After an earlier settlement blew up, an appeal to the 7th Circuit, and a remand, attorneys for the Commodity Futures Trading Commission and Kraft Foods and Mondolez Global advised the court they have again agreed to the settle the pending litigation.
At a scheduled status hearing, lawyers for the CFTC and Kraft Foods Group and Mondolez Global told District Court Judge John Robert Blakey that they had reached a preliminary agreement to settle what has been a bitterly contested enforcement action initially brought in April 2015 under the Dodd-Frank Act’s expanded anti-manipulation authority. In August 2019, the parties entered into their ill-fated settlement which involved a "gag" provision and no findings by the commission. That settlement was set aside in the wake of post-settlement statements by the CFTC and two of its commissioners, the defendants’ motion for contempt and sanctions, and a subsequent appeal to the Seventh Circuit (CFTC v. Kraft Foods Group, Inc. February 13, 2020, Blakey, J.).
Another attempt to settle this contentious litigation. CFTC Division of Enforcement Attorney Doug Snodgrass and J. Kevin McCall, on behalf of the defendants, advised the court of the following in connection with their preliminary settlement agreement:
- The CFTC will provide the defendants with advance notice of the text of any press release announcing the settlement;
- the parties will not be limited to issuing comments about the settlement;
- the defendants will withdraw their motion for contempt, sanctions, and other relief; and
- the terms of any settlement agreement will be subject to the approval of the full CFTC. DOE attorneys noted that approval process could take up to 60 days.
Judge Blakey weighs in. While welcoming the news of the proposed settlement, Judge Blakey observed that the court itself might have an interest in the outstanding issue concerning the CFTC’s contempt in connection with the agency’s conduct regarding the court’s August 14, 2019 order. Additionally, at the request of the parties, the judge agreed to stay matters related to discovery and dipositive motions so that parties do not have to expend additional resources. Judge Blakey also invited the parties to submit their proposed agreement to him for his review as it is contemplated that the court will have injunctive authority with regard the enforcement of subsequent agreement.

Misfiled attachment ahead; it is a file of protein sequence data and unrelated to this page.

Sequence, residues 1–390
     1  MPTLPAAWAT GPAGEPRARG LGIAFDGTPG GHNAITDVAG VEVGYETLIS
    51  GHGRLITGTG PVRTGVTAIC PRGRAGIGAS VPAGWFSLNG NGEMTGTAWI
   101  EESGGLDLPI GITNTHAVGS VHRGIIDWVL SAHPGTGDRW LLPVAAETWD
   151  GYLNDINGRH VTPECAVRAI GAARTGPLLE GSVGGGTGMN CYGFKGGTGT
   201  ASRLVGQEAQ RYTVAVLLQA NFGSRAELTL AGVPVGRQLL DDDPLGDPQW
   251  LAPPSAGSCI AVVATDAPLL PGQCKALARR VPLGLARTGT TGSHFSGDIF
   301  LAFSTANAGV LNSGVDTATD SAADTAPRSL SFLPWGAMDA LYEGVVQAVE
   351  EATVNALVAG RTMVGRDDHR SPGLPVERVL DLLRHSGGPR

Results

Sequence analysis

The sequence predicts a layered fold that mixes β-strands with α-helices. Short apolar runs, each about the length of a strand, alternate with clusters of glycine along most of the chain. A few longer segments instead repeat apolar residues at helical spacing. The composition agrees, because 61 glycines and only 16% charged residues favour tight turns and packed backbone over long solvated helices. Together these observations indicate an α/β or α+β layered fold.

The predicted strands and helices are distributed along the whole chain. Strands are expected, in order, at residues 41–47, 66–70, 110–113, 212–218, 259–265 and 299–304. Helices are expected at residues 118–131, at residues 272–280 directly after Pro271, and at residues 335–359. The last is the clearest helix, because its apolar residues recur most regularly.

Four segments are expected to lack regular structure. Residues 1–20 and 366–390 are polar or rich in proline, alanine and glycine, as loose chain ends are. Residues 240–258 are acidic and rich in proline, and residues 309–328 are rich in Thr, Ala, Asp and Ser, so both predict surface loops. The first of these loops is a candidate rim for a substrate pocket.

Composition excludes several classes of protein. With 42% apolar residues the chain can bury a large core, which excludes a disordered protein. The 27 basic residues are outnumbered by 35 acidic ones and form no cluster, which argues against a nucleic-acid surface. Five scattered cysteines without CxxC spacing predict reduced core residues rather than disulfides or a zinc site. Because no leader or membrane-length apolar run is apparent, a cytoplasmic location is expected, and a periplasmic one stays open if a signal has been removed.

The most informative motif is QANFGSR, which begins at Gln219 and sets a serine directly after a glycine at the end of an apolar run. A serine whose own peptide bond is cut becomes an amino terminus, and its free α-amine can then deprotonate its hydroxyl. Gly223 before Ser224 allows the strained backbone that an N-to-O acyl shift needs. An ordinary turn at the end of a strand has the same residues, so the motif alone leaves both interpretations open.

The August 2019 settlement revisited. While the parties did not disclose material terms of the new proposed settlement, it’s worth noting that the failed August 2019 settlement provided for the defendants to pay $16 million to resolve claims that they manipulated wheat futures markets. Notably, Kraft, Mondelez, and the CFTC agreed to a "gag" provision in the consent order that limited its ability to speak publicly about the case. Moreover, the consent order did not contain any factual findings or conclusions of law. Commissioners Rostin Behnam and Dan Berkovitz described these two provisions as "unusual" in their joint statement.
The next status hearing in this matter is set for March 26, 2020 at 9:45 a.m.
Editor’s Note: Brad Rosen, the author of this story, will be moderating a panel discussion at the Chicago Bar Association titled CFTC v. Kraft: Administrative Enforcement and the Public’s Right to Know. The event is scheduled at a joint meeting of the CBA’s Futures & Derivatives and Media & Entertainment Law Committees on February 27, 2020 at noon.
The case is No. 15-cv-2881.
Attorneys: Doug Snodgrass and Susan Gradman for the CFTC. J. Kevin McCall (Jenner & Block LLP) for Kraft Foods Group, Inc. and Mondelez Global LLC
Companies: Kraft Foods Group, Inc.; Mondelez Global LLC.
MainStory: TopStory CFTCNews CommodityFutures Enforcement FraudManipulation RiskManagement IllinoisNews
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